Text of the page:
Dankwart Rustow in his 1970 article “Transitions to Democracy: Toward a Dynamic Model” described a model of democratization that began with national unity as its first prerequisite. Rustow asserts that in order for democracy to flourish into its later stages of maturity, there must first be broad levels of unity between the constituents as well as mutual understandings of political boundaries that dictate its informal institutions. This model helps explain India’s undemocratization, since it has originated by virtue of the BJP from the dismantling of this first step. Modi has effectively rendered India’s Muslim population into an out-group, tearing away at the national unity that existed at least on religious lines prior to the rise of the BJP. By taking advantage of this religious divide, he has also reduced the citizenship and civic participatory rights of Muslims.
Rustow and Lieberman et al. not only help explain the recent erosions in the world’s largest democracy, but their ideas also help direct future areas for improvement in India. The factors outlined by Lieberman et al. for identifying and studying populist regimes inherently provide society the avenues for destroying these regimes as well by specifically calling attention to the most critical elements of populist regimes that can be targeted. For instance, if main characteristics of populist regimes as they argue include the desire to reduce minority rights by endowing a leader to carry out this majority will, then pushes in India to strengthen Muslims’ rights by codifying them as well as direct efforts to reduce the power of Modi in the political environment of India can both help reverse this democratic erosion.
Similarly, Rustow’s first stage of democratization – national unity – is a resolution to the crisis in India as it is an explanation for its democratic erosion. The reason that the BJP was able to attain power was because that its politicians were able to play into the religious fractures in Indian society. These cracks were then spread farther apart to create an intensely polarized country. However, the collapse of the BJP may rest on the ability of opposition parties and other anti-BJP groups to mobilize around unifying the country on these same dimensions. Cooperation between Muslim and Hindu civil societies, for instance, can help lead by example to India’s massive population. The country is also in dire need of other forms of cultural unification that stress the similarities in political ambitions between both Muslims and Hindus as opposed to their unique desires, which the BJP has weaponized by painting as inherently in conflict with one another.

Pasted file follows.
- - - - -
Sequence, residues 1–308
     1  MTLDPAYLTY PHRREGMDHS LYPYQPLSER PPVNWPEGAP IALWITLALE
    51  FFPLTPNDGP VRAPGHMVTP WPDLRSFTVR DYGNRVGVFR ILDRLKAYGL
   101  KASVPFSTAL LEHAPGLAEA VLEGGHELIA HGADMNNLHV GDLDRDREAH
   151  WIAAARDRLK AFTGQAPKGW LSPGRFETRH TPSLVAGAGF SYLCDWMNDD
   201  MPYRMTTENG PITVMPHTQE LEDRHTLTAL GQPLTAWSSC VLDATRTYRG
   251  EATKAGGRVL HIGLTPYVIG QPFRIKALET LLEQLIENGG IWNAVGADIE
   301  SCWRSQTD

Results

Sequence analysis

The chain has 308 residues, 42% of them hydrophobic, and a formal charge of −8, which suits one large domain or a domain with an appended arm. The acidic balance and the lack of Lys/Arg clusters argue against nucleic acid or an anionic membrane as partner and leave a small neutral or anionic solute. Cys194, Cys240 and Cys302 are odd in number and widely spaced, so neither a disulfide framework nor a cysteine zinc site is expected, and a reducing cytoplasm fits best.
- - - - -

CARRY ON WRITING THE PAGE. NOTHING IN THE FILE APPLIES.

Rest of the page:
The rise of the BJP and Modi demonstrates that even the largest democracies in the world, deeply institutionalized over years of continuity and with the popular mandate of more humans than any other democratic regime has seen, can be subject to intense erosion. The BJP emerged seemingly out of nowhere, as political outsiders. Unlike Trump, who rose through the ranks of a deeply established political entity in the Republican Party, Modi and the BJP were newcomers to Indian politics when they reverberated the voting booths. However, in their rapid succession to power as well as through the many techniques they have used to maintain this power on a message strong enough to keep millions of Indians invested, many lessons can be learned about democratic erosion. Their far-right populist beliefs are in no doubt a danger to India’s fragile democracy. The same elements that explain the rise of the BJP, though, can be looked at as the elements that the country is in need of to kickstart the downfall of the BJP. For the sake of defenders of democracy around the world, these changes may need to come sooner than later.